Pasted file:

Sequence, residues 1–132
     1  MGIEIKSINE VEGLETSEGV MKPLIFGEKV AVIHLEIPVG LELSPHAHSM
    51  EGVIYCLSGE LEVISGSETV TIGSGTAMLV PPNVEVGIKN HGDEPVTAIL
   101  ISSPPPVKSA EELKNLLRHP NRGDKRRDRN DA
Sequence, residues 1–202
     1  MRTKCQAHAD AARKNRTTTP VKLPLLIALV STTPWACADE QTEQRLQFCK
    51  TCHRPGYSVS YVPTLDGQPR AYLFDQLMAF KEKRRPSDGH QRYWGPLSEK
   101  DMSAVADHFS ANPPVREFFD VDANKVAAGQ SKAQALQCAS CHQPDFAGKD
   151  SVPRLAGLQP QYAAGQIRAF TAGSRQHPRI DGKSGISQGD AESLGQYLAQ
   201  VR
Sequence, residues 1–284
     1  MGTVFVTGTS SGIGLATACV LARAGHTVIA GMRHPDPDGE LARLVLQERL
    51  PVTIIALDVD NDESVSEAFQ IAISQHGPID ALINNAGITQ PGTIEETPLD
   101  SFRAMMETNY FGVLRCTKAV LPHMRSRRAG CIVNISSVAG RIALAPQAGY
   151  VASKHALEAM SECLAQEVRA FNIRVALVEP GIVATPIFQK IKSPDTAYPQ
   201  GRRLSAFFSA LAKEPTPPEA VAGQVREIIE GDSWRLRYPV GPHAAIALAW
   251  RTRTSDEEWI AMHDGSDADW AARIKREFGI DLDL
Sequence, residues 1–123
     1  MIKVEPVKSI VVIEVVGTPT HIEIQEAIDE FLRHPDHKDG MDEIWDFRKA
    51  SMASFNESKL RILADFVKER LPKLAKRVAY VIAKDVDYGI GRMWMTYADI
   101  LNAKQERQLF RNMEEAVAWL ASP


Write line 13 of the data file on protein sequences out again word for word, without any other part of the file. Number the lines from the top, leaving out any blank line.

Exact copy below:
    51  PVTIIALDVD NDESVSEAFQ IAISQHGPID ALINNAGITQ PGTIEETPLD